As industries across the globe commemorate World Telecommunication and Information Society Day (WTISD), the United Nations highlighted the possibilities that the internet and other information and communication technologies (ICT) can bring to societies and economies.
Adoption of these technologies are an urgent requirement in South Africa’s fleet management sector, where countless businesses still use cellphones to communicate with drivers. But unfortunately, this method of communication is both hugely expensive and, most importantly, incredibly unsafe.
Despite innovations like two-way radios and push-to-talk Voice over Internet Protocol (VoIP) devices promoting safer and more cost-effective communication methods than cellphones, network coverage still heavily impacts the effectiveness of these solutions. Additionally, some of these devices still require drivers to take their eyes off the road.
Cellphone use while driving is a growing concern
A video recently emerged of a South African truck driver using his cellphone while driving. First, he checks the road ahead to see a side tipper truck a few metres ahead. He then proceeds to use his cellphone with both hands; however, the side tipper in front of him stops abruptly while his attention is on his mobile device.
By the time he realises the imminent danger, it’s already too late, and there’s no way for him to avoid colliding into the back of the truck. The crash happened in under two seconds of him looking down at his cellphone.
This is just one example of how cellphone use remains a serious concern for drivers, other road users, and fleet operators, whose concentration continues to be compromised by these devices. According to a report by Transport Research Laboratory, drivers who read and compose text messages while driving had a 35% slower reaction time and reduced ability to maintain vehicle control.
The research also found that, when texting, drivers slowed significantly, indicating that they recognised the impairment and attempted to mitigate risk by reducing speed.
Digital technology can eliminate distracted driving
A driver’s use of a cellphone, or even a two-way radio to communicate puts the lives of other road users at risk. It can also be costly for businesses, especially considering that even the best-planned schedule or route might need to be adjusted when the unexpected hits.
For example, suppose a business relies on cellphones to communicate with drivers. Those drivers could miss notifications about a route or schedule change because of a sudden hailstorm or even protest action along their way. This could lead to delivery delays or damage to the vehicle and its cargo.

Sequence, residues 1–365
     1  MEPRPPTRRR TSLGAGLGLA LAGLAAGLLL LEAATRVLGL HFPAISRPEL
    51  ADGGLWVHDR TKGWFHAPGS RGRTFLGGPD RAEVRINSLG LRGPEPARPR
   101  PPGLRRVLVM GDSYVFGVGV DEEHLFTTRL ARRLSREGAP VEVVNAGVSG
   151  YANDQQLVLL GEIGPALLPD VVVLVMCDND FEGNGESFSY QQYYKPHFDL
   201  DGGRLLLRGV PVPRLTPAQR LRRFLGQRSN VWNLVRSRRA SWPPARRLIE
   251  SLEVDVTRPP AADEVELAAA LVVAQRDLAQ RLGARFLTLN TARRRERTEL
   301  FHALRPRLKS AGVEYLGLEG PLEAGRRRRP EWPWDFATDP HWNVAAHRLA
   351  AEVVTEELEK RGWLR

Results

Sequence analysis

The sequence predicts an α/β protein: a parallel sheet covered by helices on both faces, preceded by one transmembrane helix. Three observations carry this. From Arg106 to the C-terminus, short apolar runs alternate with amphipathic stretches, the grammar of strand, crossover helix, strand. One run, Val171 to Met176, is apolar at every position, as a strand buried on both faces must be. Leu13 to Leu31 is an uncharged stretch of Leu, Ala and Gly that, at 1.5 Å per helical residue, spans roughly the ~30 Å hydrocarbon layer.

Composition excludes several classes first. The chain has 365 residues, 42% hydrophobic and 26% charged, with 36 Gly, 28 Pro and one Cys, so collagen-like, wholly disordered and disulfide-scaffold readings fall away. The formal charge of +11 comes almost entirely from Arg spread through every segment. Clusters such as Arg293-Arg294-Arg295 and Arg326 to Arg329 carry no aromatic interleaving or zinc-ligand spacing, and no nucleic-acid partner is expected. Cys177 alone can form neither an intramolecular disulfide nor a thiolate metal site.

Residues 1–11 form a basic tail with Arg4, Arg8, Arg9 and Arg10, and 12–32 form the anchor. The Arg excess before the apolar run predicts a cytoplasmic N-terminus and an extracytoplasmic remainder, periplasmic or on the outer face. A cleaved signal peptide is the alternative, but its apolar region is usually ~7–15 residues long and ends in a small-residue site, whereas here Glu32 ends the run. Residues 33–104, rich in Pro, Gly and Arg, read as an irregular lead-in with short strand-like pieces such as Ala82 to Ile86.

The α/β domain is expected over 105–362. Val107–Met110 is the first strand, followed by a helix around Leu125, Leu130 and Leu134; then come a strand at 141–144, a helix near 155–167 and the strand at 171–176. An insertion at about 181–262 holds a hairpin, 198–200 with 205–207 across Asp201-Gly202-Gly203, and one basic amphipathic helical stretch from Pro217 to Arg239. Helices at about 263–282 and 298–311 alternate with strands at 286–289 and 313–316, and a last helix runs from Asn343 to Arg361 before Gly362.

Additionally, relying on cellphones would require the fleet manager to pick up the phone and dial several different mobile numbers individually and perhaps only get through to a few drivers because of a lack of network coverage. Digital technology now allows fleet managers to communicate with drivers more safely and effectively, whether they’re managing one or one hundred drivers on the road.
For instance, digital solutions, like Driver Terminal, sit on the driver’s dashboard and read messages from the fleet manager aloud. That means the driver doesn’t need to pull over to check the new instructions or compromise their safety by taking their eyes off the road – allowing them to maintain both productivity and safety.
Fleet managers can also use this technology to digitise drivers’ job cards and send clear instructions straight to a group of drivers. This allows them to optimise each driver’s tasks and routes and share the updates electronically with the drivers on duty. As a result, fleet managers don’t need to wonder whether jobs have been completed, what the ETAs are or whether a driver has completed a specific job, which improves customer satisfaction, can increase billable hours or reduce overtime.
Businesses that manage fleets across multiple provinces can use these systems to simultaneously alert all vehicles in one specific location about traffic updates, schedule changes and weather events, allowing them to provide accurate ETAs to customers. They can then manage customers’ expectations effectively while reducing wear and tear and the likelihood of drivers working overtime.
By optimising these day-to-day operations, businesses will benefit from long-term savings. For example, given that petrol and diesel prices are expected to increase substantially in June, fleet managers running ten or more deliveries a day can determine the fastest routes for drivers and communicate these updated routes effectively, which will reduce fuel costs.
© Technews Publishing (Pty) Ltd. | All Rights Reserved.